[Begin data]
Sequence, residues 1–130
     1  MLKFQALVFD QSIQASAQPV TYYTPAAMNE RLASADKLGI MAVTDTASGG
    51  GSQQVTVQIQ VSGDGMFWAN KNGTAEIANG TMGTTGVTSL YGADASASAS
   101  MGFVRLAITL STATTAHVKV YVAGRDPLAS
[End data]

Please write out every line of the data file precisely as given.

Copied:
Sequence, residues 1–130
     1  MLKFQALVFD QSIQASAQPV TYYTPAAMNE RLASADKLGI MAVTDTASGG
    51  GSQQVTVQIQ VSGDGMFWAN KNGTAEIANG TMGTTGVTSL YGADASASAS
   101  MGFVRLAITL STATTAHVKV YVAGRDPLAS